Southwest Spice in PG
Michael’s makes Mexican food with flavor and a sense of humor.
Thursday, July 8, 2004
‘If I was on Death Row, that would be my last meal.” I was browsing EB Games at Del Monte Center a few weeks ago when the store employee made that announcement to his friend. He went on to describe the blackened chicken at Michael’s in Pacific Grove in great detail. I was sold. And he wasn’t even talking to me. If nothing else, I was curious to know what last-meal quality food was all about.
I stood with my back to the counter in the restaurant, studying the wall menu and looking for anything with blackened chicken in it. There was a sandwich ($5.95), fajitas ($7.99), and á la carte tacos ($2.59). The list went on. Just when I thought my eyes would glaze over, the woman behind the counter piped up.
“What looks good?” she asked. I told her all of it did, but added that I’d heard the blackened chicken was the best. “Well, it’s kind of what we’re known for,” she said. I didn’t think I should mention the death row thing, lest she think I was a felon, so I asked how she suggested I have it.“We can do anything you want to with it,” she said. I stared at the menu again. She finally came clean: “I like it best in the burrito,” she admitted. And so that’s what I ordered ($7.99).
The kids ordered plain beef burritos with sides of rice and refried beans (about $5 each), then suggested guacamole dip ($3.99). Our server was meticulous about their orders. I can only guess she’s got kid experience.
“So you don’t want anything in there but meat, right?” Nods from the kids. “And no sauce, right?” Nods. “No onions, tomatoes, nothing, right?” And still more nods. She wrote it all down and then highlighted it.
The littlest one chose canned soft drinks from the case for all of us, sliding them onto the counter and hoping I wouldn’t notice and nix the sugar fix. I noticed. The woman then filled a tray with cups of ice, individual baskets of chips, and two heaping bowls of salsa, gave us a number, and we were off.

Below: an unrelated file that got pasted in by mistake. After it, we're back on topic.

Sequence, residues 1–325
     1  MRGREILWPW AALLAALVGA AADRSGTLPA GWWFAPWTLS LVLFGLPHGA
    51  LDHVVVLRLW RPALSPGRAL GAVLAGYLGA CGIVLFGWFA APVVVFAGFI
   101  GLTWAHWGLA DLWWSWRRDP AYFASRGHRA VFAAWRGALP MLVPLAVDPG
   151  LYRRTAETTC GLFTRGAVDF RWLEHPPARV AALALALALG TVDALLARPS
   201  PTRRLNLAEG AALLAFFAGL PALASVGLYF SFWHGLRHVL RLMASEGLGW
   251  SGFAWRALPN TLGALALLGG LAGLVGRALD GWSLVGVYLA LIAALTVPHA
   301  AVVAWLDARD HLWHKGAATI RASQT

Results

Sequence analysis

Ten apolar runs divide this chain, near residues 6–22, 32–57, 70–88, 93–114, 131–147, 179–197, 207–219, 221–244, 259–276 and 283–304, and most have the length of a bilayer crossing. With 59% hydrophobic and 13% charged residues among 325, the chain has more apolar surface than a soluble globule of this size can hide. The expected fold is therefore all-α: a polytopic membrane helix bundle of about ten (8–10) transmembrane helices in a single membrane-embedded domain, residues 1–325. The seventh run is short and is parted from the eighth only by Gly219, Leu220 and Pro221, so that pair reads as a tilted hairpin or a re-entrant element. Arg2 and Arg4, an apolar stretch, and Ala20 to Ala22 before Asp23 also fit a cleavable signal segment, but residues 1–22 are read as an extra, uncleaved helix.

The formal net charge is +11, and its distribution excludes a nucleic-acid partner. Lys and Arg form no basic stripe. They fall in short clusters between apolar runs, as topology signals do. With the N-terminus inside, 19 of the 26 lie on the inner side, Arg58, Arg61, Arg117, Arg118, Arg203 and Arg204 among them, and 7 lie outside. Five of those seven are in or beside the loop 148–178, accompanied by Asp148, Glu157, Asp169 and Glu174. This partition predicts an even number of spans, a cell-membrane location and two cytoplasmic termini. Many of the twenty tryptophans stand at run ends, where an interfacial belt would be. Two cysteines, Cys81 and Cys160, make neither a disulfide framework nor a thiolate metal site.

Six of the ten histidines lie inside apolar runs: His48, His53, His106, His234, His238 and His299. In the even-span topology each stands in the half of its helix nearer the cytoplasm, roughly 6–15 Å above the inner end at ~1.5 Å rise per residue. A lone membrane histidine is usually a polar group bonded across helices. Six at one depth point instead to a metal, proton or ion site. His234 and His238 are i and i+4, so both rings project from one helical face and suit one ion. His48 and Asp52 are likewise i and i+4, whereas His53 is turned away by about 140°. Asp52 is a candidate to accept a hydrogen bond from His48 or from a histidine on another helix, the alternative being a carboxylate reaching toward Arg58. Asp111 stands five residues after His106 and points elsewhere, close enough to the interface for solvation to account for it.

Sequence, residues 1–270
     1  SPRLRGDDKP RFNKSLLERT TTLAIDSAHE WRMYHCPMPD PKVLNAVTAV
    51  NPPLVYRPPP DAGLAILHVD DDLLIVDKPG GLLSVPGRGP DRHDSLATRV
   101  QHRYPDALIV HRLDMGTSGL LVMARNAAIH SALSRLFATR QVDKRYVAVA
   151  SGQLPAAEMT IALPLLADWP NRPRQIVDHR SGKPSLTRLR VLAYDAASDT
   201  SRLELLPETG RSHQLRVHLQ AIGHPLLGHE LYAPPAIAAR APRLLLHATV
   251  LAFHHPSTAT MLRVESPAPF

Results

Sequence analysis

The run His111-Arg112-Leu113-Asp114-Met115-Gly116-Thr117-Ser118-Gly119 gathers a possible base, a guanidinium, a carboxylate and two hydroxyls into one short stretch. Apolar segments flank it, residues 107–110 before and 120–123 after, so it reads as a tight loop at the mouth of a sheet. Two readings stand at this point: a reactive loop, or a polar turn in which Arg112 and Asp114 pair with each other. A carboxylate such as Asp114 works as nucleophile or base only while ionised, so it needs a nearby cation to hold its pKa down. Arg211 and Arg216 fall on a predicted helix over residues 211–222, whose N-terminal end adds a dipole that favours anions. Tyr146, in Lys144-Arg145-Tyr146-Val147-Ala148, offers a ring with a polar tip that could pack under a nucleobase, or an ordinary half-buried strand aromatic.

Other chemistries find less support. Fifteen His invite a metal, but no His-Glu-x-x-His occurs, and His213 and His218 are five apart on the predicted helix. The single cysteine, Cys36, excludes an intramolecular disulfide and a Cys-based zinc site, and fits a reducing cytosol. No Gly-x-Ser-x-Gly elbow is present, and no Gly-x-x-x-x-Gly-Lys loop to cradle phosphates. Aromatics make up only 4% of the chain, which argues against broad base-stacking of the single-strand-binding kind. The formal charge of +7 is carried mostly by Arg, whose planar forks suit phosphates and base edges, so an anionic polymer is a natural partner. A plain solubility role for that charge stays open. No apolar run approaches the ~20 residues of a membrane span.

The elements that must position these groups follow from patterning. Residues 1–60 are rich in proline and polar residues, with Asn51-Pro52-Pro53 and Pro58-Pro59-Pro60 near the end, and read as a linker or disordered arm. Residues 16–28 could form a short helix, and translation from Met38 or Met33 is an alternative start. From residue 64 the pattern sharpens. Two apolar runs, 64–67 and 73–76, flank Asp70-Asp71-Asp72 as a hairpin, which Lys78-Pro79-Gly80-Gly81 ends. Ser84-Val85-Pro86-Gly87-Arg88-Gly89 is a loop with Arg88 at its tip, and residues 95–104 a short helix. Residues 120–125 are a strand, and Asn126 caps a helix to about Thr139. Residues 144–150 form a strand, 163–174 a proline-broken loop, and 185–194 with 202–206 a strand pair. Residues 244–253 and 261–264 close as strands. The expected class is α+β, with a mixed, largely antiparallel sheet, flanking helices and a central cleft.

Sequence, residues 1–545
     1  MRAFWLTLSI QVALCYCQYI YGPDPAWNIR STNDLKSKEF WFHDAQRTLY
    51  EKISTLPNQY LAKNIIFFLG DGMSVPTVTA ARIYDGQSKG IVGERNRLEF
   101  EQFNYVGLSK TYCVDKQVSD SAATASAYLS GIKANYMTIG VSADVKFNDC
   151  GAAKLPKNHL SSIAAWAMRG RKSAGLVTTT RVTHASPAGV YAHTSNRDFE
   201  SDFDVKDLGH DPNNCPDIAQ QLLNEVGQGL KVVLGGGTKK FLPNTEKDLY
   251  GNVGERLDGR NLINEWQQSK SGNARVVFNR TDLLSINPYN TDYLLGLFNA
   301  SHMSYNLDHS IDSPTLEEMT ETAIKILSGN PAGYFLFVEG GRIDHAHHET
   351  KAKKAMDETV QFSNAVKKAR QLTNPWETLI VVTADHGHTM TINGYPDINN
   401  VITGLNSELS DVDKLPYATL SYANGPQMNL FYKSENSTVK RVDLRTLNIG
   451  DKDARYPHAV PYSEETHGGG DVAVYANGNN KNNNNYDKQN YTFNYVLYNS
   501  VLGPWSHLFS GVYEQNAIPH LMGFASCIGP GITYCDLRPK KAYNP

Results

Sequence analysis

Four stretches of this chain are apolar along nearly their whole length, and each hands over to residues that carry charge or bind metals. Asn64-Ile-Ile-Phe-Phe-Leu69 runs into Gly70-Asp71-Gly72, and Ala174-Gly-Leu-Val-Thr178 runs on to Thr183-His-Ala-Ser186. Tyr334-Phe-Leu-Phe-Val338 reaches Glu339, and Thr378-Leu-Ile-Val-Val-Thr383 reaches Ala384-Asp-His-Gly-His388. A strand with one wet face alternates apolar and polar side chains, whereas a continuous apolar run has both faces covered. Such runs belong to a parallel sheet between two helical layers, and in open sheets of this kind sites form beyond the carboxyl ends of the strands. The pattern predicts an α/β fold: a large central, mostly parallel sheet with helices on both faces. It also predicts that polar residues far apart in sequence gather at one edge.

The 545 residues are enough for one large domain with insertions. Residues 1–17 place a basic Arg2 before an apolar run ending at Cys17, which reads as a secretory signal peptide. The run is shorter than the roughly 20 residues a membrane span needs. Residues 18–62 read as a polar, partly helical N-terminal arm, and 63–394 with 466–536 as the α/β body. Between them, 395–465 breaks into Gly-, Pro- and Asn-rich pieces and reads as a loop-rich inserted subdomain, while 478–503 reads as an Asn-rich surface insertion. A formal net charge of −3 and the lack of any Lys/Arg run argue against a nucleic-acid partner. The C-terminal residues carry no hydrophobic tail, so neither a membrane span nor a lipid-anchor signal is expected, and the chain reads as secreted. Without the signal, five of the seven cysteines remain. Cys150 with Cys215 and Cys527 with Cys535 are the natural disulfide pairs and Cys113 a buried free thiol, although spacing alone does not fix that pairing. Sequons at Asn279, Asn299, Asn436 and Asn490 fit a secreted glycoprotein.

A handful of booths span the length of the narrow dining room beyond the front counter. Forgetting you’re in a strip mall, with a grocery store and the other usual suspects, is easy. Maybe it’s the themed artwork, the hubbub of customers coming in and out for sit-down or take-out. Maybe it’s the serapes. Whatever it is, the Southwestern feel works.
It’s the kind of place that has fun with itself, with catchy little mantras plastered here and there (“If it’s not good enough for Mama, it’s not good enough for you.”) and humorous directions for take-out bags (“keep them level and upright in your travels. No skateboards or horseback, please.”). A sign on the wall made us laugh: “Menu prices are subject to change. It depends on, A: the economy and, B: our vacation plans.” The prices, though, are good, even in a flailing economy.
Several mounds of guacamole surrounded by chips and sprigs of cilantro landed front and center on the table. It was enough for the three of us and plenty more. I drove a warm, fresh chip in and destroyed the lovely presentation. The chip broke against a lump of avocado. I loved that it wasn’t smooth and whipped. It teemed with texture and flavor.
Michael’s touts freshness: no lard, no MSG, no prepared sauces, etcetera. That attention to detail was present in everything on my plate. A large flour tortilla enshrouded big, thick strips of hot and spicy blackened chicken, sweet white grilled onion, fire-roasted tomatoes, full-leafed cilantro, and just enough white cheese to make it dreamily rich. The soft burrito was smothered with red chile gravy. And gravy it was. Never mind the thin sauces that make a burrito a soggy mess. This was thick, dark gravy that turned an already delicious compilation of flavors into a treasure.
Creamy black beans and barely pink rice were on the side. Both were uncomplicated. Absolutely nothing hid the taste of either. They were simply beans and, even more simply, rice. Usually I prefer rice in particular to be more profound, but considering the flavor-drenched burrito, the mildness of both sides was perfectly in order.
The crew was out often to check on us. They paid attention to detail, bringing extras of this or that before we noticed they were gone.
The kids’ plates were clean, and that’s unusual. One dumped the contents of his burrito (carne asada only of course) onto his plate, mixed it all up with his refried beans and rice and ate every last bite. His brother didn’t let any of the items touch the others and ate each one at a time.
I snagged a piece of peppery, marinated steak from the mixed-up plate. The meat and blackened chicken would probably be a great combo for next time, maybe like the La Playa Combo ($11.99) that has both, plus shrimp, all wrapped up into an enchilada.
I perused the take-out menu and noticed they have two locations: “One is pretty close to the beach; the other is pretty close to the other beach” in Marina. But I didn’t see anything about San Quentin, and they’re pretty adamant about not doing delivery—so I’m thinking the guy over at EB Games better stay out of trouble. Perhaps it’s better to sample it all, one last meal at a time…for life.
Michael’s Grill and Taqueria
197 Country Club Gate Center,
Pacific Grove 647-8654
Open Mon–Sat 11am-8:30, Sun 11am-8pm.